ICAR-NRRI developed Mobile app “riceXpert”
Location : Mahanga block, Cuttack District
Area : 100 Acres:
Years of work : Kharif 2013, 2014, 2015
Location: Nilgiri block, Balasore district
Area : About 100 AcresYears of work: 2007-2015
Coastal part of Orissa frequently faces cyclone of different intensities, particularly in the months of September to November resulting in the damage of wet season’s rice and other field crops to varying degrees. In the end of October 1999, the super cyclone devastated the coastal districts of Orissa, specially Ersama block of Jagatsinghpur district causing total damage of field crops and animals besides, houses and human lives to greater extent. In such unpredictable, adverse situation, the growing of contingent field crops before cyclone will be an appropriate approach for providing food and nutritional security to the farm families. Keeping this in view and also with an aim of restoration of the devastated farming sectors in the super cyclone affected areas of two blocks, Ersama in Jagatsinghpur district and Astaranga in Puri district of Orissa, a project entitled “Management of Coastal agro-ecosystem in super cyclone affected areas in Orissa” was initiated in June 2001. This project for a period of 3 years with funding from NATP to the extent of Rs 195.62 lakhs, is a multidisciplinary and multi institutional activity with CRRI, Cuttack as lead centre and eight other cooperating centers, involving all the ICAR Institutes/Regional Stations and Orissa University of Agriculture and Technology located at Bhubaneswar.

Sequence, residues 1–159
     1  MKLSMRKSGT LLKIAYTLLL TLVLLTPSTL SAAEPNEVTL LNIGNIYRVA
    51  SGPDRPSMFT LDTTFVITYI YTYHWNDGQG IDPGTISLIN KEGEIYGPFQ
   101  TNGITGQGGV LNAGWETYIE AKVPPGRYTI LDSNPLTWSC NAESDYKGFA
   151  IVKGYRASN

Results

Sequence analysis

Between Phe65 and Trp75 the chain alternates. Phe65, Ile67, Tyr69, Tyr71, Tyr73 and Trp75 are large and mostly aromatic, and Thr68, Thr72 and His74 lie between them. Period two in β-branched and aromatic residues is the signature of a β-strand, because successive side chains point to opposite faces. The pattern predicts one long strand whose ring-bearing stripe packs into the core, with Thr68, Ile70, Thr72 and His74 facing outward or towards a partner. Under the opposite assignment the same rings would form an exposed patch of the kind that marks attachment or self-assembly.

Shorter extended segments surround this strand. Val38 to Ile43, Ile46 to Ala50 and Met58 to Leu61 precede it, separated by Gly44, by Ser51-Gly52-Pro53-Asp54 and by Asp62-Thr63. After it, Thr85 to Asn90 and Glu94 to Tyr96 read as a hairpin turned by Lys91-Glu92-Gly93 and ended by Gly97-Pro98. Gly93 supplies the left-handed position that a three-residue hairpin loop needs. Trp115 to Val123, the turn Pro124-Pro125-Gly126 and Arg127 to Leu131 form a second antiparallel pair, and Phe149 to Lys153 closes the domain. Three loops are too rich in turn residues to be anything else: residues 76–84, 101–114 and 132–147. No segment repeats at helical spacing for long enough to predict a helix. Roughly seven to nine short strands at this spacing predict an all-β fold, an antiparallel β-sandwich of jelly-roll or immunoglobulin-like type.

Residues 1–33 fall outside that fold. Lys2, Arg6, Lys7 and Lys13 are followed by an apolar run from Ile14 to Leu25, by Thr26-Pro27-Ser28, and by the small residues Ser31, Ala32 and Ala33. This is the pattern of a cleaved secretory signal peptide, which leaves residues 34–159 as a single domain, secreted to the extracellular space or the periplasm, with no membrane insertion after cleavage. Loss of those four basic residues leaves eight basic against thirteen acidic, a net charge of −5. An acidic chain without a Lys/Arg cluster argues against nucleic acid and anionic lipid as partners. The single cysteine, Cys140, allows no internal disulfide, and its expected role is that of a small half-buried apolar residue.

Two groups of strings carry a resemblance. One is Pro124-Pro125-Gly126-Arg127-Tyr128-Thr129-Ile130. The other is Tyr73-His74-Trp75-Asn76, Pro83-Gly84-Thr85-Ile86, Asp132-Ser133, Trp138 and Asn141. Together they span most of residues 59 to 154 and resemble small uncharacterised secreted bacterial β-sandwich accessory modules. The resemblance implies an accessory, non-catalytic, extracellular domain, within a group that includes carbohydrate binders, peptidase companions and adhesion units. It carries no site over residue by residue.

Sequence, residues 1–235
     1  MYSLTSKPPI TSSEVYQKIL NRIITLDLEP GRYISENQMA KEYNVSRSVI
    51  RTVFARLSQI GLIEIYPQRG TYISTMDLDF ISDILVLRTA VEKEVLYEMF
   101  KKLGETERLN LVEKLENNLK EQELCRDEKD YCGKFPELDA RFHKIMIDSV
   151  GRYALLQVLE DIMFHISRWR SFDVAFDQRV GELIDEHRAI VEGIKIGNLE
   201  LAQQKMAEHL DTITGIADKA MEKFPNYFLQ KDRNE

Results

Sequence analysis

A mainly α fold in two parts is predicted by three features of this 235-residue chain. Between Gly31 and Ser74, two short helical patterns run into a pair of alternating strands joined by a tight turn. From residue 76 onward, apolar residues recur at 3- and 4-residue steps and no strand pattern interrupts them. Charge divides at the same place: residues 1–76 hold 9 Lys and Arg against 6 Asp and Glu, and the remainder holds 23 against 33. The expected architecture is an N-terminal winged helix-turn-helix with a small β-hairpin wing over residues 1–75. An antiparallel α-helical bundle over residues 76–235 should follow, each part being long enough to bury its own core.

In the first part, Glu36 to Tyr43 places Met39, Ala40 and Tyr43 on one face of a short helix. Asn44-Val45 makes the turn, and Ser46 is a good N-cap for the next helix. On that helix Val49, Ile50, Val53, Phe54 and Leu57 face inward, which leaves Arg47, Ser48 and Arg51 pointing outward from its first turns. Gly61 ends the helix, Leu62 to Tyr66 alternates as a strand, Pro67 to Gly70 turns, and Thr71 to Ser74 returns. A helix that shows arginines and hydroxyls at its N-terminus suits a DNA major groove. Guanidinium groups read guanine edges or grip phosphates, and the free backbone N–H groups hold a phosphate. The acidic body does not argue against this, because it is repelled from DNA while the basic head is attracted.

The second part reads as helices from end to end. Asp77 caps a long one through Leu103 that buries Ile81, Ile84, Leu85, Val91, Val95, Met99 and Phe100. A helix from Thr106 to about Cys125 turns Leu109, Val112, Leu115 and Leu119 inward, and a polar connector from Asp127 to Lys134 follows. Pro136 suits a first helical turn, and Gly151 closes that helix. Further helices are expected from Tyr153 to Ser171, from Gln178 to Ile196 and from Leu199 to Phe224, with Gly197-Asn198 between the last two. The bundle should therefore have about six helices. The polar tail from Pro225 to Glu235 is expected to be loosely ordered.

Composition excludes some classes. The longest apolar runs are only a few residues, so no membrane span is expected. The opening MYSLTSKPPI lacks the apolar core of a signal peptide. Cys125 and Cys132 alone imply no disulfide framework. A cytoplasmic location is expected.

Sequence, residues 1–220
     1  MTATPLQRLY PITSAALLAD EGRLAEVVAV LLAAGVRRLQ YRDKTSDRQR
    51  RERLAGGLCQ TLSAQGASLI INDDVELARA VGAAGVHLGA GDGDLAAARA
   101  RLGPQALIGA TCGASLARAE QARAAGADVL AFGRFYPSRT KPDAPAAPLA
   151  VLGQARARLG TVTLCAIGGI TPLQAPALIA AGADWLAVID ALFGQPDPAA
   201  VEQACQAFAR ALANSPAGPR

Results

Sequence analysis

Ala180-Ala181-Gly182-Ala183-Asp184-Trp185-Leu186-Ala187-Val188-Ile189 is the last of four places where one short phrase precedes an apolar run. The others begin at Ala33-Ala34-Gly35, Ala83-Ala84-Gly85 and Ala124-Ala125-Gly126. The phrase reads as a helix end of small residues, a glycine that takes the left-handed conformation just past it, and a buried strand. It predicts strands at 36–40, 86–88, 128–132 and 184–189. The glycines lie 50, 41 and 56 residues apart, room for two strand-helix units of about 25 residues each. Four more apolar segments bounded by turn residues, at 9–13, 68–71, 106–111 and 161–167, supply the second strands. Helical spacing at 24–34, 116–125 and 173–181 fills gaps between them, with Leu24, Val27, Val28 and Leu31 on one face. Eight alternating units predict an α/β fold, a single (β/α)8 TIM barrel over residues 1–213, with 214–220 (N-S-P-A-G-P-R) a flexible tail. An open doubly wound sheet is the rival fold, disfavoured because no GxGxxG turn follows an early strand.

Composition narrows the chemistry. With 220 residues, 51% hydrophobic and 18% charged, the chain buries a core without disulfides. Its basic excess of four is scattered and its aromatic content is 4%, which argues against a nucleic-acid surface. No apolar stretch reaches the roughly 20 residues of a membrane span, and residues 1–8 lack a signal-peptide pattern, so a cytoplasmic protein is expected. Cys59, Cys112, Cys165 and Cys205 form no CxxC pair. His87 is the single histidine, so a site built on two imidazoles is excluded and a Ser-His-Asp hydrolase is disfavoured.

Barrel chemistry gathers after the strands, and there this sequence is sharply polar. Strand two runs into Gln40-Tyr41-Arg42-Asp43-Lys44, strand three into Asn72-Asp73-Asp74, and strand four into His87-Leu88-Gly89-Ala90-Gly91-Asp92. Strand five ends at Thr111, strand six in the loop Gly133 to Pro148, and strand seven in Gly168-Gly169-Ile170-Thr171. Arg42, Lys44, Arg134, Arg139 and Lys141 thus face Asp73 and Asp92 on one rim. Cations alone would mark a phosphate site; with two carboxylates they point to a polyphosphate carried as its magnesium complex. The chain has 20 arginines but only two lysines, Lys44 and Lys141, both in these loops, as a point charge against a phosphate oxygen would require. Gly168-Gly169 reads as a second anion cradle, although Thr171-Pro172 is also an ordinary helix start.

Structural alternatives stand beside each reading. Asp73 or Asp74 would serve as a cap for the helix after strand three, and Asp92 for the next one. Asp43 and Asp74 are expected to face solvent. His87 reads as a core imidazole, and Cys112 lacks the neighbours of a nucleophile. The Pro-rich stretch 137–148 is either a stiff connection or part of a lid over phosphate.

The concept of pre-cyclone rice was conceived for the first time, in addition to many other programmes, especially with the growing of early rice variety ‘Vandana’ (90 days duration) in upland and medium land situations. A total of 100 kg quality seed of this variety was distributed to 19 farmers including the seed production farmers (10) in both target areas. One among these farmers was Mr Seikh Mohammad, about 60 years old, in the village of Chaulia, Ersama block. He belongs to marginal group of farmers with 3 acres of land. He cultivated rice ‘Vandana’ in the wet season of 2002, in 252m2 area of medium land. The nursery was raised on June 8, 2002 and the healthy rice seedlings of 20 days old were transplanted on June 28, 2002. This rice crop was raised with a fertilizer schedule of 60 kg N, and 30 kg each of P2O5 and K2O per ha. The nitrogenous fertilizer was given in two splits, 50% at basal and the rest after 30 days. The major insect pest was gundhibug, at flowering stage of the crop. He controlled the pest of gundhibug by two sprays with the insecticide monocrotophos @ 0.5 kg ai/ha. The rice crop was harvested in the first of September, after 90 days of seeding. Mr. Mohammad realized a rice grain yield of 167 kg in 252 m2 area, that was with an estimated yield of 6.6 t/ha. Other farmers in the project areas obtained a grain yield in the range of 4 to 5 t/ha with in a 3 month period. These farmers were benefited by growing rice ‘Vandana’ and harvesting good quantity of rice within a short period of 90 days. This strategy would held the farmers to escape the bad effects of a possible cyclone in the months of September to November, which occur frequently in Orissa.